They say that loose lips sink ships, but in the case of the yacht A Portrait, a failure to check a loose sea strainer cap sank the boat in Annapolis.
Federal Insurance Co., which insured David C. Mitchell’s yacht, was awarded more than $54,000 in damages in U.S. District Court in Baltimore in November against Kentmorr Harbour Marina for failing to check for leaks when it launched the boat.
The insurer’s suit was also against Sheep Dog Marine LLC, but Judge William Nickerson found that Sheep Dog, which winterized the yacht and, according to common practice, left the cap loosely fitted, was not liable for the damages.
Sheep Dog’s attorney, Robert B. Hetherington with McCarthy Wilson LLP in Rockville, was not available to comment Friday. Kentmorr Marina’s attorney, Stephen M. Calder, could not be reached Friday because his law office, Palmer Beizup & Henderson LLP in Philadelphia, was closed for the day.
The court also awarded the insurer pre-judgment interest at 6 percent per year dating back to April 9, 2008, when the boat sank.
James Skeen, a Baltimore attorney with Skeen & Kauffman LLP who represented Mitchell and Federal Insurance, said he knew that Sheep Dog was not at fault, but had to sue the company because Kentmorr said Sheep Dog was at fault.
“Kentmorr kept trying to get money out of Sheep Dog, but Sheep Dog didn’t do anything wrong,” he said.
Mitchell had hired Kentmorr Marina, of which he was a part-owner at the time, to store his custom-fitted 2004 38-foot Cruisers yacht on land for the winter in October 2007. Kentmorr Marina, which did not have a service or repairs department, hired Sheep Dog to winterize the boat, which entails draining all the water from the boat’s systems and replacing it with antifreeze.
According to court documents, during that process, Eric Groves, the owner of Sheep Dog, opened the sea strainer caps to remove and clean the basket and run antifreeze through the system.
Groves left the portside cap loosely fitted. Testimony during the hearing suggested that it’s common practice to leave the caps loosely fitted after winterization to bleed air.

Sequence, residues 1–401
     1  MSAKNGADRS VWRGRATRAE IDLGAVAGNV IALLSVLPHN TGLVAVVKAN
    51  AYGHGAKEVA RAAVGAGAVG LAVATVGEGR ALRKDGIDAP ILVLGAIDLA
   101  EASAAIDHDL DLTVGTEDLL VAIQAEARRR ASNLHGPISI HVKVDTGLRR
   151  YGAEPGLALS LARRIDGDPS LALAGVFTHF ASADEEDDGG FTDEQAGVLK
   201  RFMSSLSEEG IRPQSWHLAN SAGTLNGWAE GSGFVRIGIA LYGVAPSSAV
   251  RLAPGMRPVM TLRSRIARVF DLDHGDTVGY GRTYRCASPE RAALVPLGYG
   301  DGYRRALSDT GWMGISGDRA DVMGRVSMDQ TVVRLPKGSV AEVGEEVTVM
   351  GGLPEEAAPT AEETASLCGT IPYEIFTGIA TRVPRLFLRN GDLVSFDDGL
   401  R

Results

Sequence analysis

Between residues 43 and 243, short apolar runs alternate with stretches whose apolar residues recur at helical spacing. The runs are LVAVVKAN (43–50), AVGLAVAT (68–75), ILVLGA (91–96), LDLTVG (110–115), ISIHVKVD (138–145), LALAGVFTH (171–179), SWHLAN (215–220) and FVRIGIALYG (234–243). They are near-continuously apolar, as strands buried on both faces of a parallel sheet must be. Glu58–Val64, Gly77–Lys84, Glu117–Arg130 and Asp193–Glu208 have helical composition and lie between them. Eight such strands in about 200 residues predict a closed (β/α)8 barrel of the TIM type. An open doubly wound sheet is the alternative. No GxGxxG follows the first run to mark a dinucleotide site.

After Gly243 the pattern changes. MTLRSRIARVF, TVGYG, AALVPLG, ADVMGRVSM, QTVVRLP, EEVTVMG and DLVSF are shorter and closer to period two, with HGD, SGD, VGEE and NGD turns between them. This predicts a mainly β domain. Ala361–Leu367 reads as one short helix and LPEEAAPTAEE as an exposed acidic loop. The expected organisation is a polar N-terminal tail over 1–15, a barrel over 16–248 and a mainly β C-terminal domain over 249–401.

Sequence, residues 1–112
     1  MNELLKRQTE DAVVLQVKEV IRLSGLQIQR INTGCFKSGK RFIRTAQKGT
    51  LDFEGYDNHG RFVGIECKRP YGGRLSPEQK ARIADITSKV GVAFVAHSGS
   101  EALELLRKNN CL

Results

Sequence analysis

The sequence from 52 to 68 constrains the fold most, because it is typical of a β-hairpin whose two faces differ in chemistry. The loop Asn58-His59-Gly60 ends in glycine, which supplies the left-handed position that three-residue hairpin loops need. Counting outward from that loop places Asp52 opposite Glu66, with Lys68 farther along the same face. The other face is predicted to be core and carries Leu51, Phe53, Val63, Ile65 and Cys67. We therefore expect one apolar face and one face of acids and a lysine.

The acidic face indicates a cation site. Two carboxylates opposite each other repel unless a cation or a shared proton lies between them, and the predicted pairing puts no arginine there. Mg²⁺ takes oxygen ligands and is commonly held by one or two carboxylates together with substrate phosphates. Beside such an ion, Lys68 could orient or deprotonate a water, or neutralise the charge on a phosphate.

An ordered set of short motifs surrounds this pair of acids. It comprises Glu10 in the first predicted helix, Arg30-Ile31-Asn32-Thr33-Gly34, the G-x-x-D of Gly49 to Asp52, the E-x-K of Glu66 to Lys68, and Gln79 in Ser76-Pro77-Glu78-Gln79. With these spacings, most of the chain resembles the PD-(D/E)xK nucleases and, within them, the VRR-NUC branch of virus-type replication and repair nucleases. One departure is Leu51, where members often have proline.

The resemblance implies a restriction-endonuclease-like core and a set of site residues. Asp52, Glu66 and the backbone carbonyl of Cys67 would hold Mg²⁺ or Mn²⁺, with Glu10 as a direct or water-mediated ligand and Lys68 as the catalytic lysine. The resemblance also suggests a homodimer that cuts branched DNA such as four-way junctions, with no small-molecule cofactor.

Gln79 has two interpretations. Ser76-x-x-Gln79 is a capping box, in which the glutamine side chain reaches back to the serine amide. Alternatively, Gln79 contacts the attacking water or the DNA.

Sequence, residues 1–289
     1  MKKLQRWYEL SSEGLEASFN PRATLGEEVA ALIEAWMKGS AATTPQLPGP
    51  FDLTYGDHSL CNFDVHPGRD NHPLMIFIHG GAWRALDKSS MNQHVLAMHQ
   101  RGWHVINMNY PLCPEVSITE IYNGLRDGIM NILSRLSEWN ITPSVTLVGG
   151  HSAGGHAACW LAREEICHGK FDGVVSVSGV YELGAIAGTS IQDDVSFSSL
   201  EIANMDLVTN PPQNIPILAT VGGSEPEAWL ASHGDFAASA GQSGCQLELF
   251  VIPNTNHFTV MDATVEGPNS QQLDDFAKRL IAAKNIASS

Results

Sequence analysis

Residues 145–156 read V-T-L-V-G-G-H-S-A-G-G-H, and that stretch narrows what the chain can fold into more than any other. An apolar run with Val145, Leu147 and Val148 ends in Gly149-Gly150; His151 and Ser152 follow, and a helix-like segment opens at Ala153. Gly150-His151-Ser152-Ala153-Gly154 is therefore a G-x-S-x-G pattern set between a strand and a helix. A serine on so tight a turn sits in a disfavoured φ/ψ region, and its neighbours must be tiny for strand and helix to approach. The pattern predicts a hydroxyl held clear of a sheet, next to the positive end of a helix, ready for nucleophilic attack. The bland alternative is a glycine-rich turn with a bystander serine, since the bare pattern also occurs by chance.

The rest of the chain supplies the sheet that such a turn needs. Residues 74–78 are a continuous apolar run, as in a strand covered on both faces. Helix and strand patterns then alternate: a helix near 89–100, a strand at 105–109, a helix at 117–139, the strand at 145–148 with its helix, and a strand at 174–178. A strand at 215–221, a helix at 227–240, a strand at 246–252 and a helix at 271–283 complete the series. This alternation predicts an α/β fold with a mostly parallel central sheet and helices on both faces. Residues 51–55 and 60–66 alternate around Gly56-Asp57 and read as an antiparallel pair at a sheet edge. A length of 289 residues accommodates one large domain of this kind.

In March 2008, Mitchell asked Kentmorr to get his boat ready to be launched, which means taking it off of blocks and using a travel lift to put it in the water. Experts testified at trial that the party that launches the boat is responsible for making sure the boat is not taking on any water once it’s afloat.
The general manager of Kentmorr, Richard “Dick” Lean, emailed Sheep Dog to see if there was anything he should know before launching the yacht, and asked whether the boat had drain plugs. Groves replied with information about the boat, but did not mention the sea strainer caps needing to be tightened.
Lean and another Kentmorr employee launched A Portrait on April 9, 2008. Lean checked the outside of the boat, but neither man went on board or inspected the interior before or after the launch.
The next morning, Lean found the boat was partially submerged. The cause of the sinking was the loosely fitted sea strainer cap.
The court said expert testimony showed that if someone had boarded the boat it would have been “visually and audibly obvious that A Portrait was taking on water because of the large quantity of water coming through the sea strainer into the bilge space.”
Mitchell and the insurer said the yacht sustained $54,861.27 in damages. Mitchell paid a $3,500 deductible and received the rest of the money needed to repair the boat from his insurer.
The court said Kentmorr breached its contractual obligation of workmanlike conduct when it launched the boat without performing a cursory check of the boat for leaks. The insurer also proved Kentmorr is liable for negligence, the court said.
David C. Mitchell v. Kentmorr Harbour Marina, et al
U.S. District Court in Baltimore
Incident: April 2008
Suit filed: Feb. 16, 2010
Disposition: Nov. 17, 2011
James Skeen of Skeen & Kauffman LLP
Stephen M. Calder of Palmer Biezup & Henderson LLP in Philadelphia for Kentmorr; Robert B. Hetherington of McCarthy Wilson LLP in Rockville for Sheep Dog Marine LLC
Breach of contract, negligence